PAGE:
How Search Engines Work ▾
Search engines are software applications designed to find requested information in the form of Web pages,
PDF files, images, videos, etc. anywhere on the World Wide Web. Most search engines arrange results in the form of a list, with the most commonly accessed (“hit”) pages at the top and the least accessed at the bottom. (If you’re wondering why I say “World Wide Web” and
not “Internet,” it’s because the Internet is a network comprised of millions of computers globally, and the
Web is an interface that allows you to access parts
of the Internet via browsers. They are not, in fact,
the same thing.)
Search engines work by combing (or “crawling”) the Web through the use of programs called spiders, sometimes up to several times a day. These spiders
find newly added pages and record the links contained within them. They also update existing pages within an index. These pages are immediately available for access via a search from that search engine’s index (think of it like a catalog).
Search Terms ▾
To yield the best results from any search engine, you have to know how to fine tune your search terms (aka parameters). Most popular search engines (like Google) allow you to use both text and calculator operators to pare down your results.
Text operators are the easiest to remember for most users. To demonstrate how to get the best results for a search using text operators, I opened to a random project in
the latest issue of Scrapbooking & Beyond, which calls for “foam dots” with no additional information, such as manufacturer or exact product name. I opted to use Google (it’s the fastest and most accurate search engine out there) and typed foam dots into the search field. This very general search, which includes all occurrences of the word “foam” appearing in the same document as the word “dots.” My search resulted in 579,000 results (Fig. 1).
As you can see from the first few entries, I’m not close to anything resembling what I need, which I suspect are those small double-sided foam adhesive dots. I just don’t know the manufacturer or exact product name. If I enclose those same words in quotations (“foam dots”), telling Google to search for both of those words in that exact order, my search yields a far more manageable 10,600 links, and the first few pages are all adhesive related (Fig. 2).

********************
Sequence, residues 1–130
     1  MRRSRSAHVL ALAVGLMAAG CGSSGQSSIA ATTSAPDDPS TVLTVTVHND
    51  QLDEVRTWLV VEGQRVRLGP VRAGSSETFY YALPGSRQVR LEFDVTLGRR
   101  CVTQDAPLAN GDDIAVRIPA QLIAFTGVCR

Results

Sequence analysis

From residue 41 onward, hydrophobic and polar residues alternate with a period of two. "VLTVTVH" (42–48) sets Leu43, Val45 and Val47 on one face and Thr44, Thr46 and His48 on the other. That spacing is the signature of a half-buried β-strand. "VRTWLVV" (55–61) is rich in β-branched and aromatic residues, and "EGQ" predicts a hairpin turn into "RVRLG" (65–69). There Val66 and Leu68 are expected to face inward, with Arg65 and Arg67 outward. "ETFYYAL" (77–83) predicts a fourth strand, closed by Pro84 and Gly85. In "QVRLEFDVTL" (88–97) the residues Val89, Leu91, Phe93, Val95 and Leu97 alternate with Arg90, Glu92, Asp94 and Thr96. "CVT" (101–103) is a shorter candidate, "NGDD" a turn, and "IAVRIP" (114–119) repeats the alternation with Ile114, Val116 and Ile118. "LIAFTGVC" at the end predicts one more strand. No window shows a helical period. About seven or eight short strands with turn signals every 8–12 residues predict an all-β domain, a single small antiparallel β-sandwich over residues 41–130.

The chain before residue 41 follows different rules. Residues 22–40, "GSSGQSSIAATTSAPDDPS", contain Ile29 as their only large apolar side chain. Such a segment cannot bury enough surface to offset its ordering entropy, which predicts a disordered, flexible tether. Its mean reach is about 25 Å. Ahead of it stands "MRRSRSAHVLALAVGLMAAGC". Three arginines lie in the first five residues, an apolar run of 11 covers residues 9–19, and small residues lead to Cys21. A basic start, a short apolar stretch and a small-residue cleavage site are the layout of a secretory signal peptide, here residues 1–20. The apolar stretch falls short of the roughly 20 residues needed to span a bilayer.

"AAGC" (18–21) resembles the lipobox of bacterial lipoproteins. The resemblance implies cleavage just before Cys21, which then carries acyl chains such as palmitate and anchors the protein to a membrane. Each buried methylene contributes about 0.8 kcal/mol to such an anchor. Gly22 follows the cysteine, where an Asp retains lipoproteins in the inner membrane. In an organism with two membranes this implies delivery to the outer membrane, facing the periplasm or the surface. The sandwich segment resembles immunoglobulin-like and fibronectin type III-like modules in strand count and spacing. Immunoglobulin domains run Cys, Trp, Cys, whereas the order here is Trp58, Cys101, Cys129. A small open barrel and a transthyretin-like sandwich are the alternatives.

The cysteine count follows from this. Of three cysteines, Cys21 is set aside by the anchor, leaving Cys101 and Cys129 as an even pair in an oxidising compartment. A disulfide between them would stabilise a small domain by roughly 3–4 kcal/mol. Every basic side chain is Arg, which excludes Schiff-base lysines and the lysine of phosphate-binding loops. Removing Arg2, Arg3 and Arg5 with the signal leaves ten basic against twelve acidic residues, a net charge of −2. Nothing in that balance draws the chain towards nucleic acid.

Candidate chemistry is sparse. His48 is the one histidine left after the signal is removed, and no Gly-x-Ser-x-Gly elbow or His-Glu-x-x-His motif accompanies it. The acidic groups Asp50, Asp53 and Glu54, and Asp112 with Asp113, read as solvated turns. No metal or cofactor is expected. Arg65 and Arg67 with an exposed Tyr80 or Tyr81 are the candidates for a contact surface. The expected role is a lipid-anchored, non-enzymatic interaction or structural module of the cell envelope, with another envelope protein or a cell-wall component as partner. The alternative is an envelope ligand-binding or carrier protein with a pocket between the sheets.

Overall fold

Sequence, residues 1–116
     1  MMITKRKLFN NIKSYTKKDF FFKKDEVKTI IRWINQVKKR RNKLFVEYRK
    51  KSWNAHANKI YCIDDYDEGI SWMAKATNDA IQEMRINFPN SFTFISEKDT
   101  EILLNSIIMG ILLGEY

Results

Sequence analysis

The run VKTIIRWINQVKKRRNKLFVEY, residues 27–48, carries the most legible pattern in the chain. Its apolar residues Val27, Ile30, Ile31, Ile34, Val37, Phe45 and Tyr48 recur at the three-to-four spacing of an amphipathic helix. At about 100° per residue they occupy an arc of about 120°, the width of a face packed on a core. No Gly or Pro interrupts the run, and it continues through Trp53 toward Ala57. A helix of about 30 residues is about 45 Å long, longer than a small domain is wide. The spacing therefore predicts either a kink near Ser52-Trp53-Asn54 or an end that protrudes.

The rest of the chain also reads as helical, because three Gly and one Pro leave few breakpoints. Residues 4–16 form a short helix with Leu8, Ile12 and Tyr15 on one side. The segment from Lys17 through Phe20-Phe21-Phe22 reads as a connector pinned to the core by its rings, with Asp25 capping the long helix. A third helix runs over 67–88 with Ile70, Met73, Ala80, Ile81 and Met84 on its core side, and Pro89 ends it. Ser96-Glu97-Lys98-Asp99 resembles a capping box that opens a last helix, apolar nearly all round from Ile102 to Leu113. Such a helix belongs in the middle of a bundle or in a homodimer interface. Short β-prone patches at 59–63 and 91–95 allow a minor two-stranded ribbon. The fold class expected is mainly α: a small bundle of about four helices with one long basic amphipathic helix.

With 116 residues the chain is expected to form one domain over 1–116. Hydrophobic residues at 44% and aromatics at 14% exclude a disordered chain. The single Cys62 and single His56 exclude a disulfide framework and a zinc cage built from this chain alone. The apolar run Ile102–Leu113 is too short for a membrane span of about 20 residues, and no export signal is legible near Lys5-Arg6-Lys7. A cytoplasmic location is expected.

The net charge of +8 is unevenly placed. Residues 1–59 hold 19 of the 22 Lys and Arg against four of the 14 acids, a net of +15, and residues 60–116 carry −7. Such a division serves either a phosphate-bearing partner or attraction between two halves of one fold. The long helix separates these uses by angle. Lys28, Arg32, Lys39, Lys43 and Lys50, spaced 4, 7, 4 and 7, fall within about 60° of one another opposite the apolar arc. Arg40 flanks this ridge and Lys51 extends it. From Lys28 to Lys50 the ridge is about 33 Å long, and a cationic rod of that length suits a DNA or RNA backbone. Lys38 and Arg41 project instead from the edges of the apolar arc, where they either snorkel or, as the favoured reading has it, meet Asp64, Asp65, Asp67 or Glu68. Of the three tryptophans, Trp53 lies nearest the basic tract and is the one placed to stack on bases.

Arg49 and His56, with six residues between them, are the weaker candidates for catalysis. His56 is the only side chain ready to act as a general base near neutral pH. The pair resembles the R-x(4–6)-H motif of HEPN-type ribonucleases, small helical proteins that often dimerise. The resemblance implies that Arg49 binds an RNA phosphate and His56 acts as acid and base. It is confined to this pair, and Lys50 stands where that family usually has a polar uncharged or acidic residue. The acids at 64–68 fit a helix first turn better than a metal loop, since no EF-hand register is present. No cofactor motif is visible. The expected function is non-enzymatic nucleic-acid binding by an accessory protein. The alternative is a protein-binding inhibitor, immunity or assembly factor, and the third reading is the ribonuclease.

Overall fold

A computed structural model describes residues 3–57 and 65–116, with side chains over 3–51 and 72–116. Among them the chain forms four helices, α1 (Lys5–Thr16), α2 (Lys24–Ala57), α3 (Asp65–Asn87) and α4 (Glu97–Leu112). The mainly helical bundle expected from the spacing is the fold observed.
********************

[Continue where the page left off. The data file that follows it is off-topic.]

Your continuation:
My current search results include every Web page related to adhesive dots, but doesn't necessarily include adhesive dots used for crafting. If I add the word craft to my search to eliminate any pages that aren’t crafting related, while also broadening the search to include craft-related pages that have perhaps vague mentions of foam dots, I obtain 29,000 results. Yes, this figure is larger than the 10,600 results I received for just “foam dots,” but every result is craft and adhesive related, which makes this an accurate search. In a nutshell, entering “foam dots craft” would have yielded precisely the results I wanted (Fig. 3).
By default, Google adds the calculator operator (+) to all words entered in the search field, so there’s no need to be concerned with Google recognizing that you’re adding words to your parameters.
More Helpful Tips for Using Google ▾
If you’re looking for a particular product on a specific website, use the (:) operator between the site URL and the search term. In other words, if you’re looking for Fly a Kite Border Rub Ons at Two Peas in a Bucket, simply enter twopeasinabucket.com:fly a kite border rub ons (with or without a space before and after the colon) into the search field. The first result will be the item you’re looking for (Fig. 4)!
The text operator OR is placed uppercased between words in the search field to tells Google to search for the first word or the second word. This helps to broaden a search for very specific items, which can be handy if you’re searching for, say, patterned paper or scrapbook paper (enter “patterned paper” OR “scrapbook paper”).
The tilde symbol (~) tells Google to search for either the word directly following it or its synonyms. For instance, if you aren’t sure if the item you want is considered a glue or an adhesive, type in craft ~glue. This yields a lot of useful results—all of them are for either glue, adhesive, or epoxy.
When in doubt, consult the Help or FAQ (Frequently Asked Questions) page for whichever search engine or index you’re using. Chances are, you are not the first person to want to search more effectively. Hopefully, we’ve given you a head start here! ■ ■ ■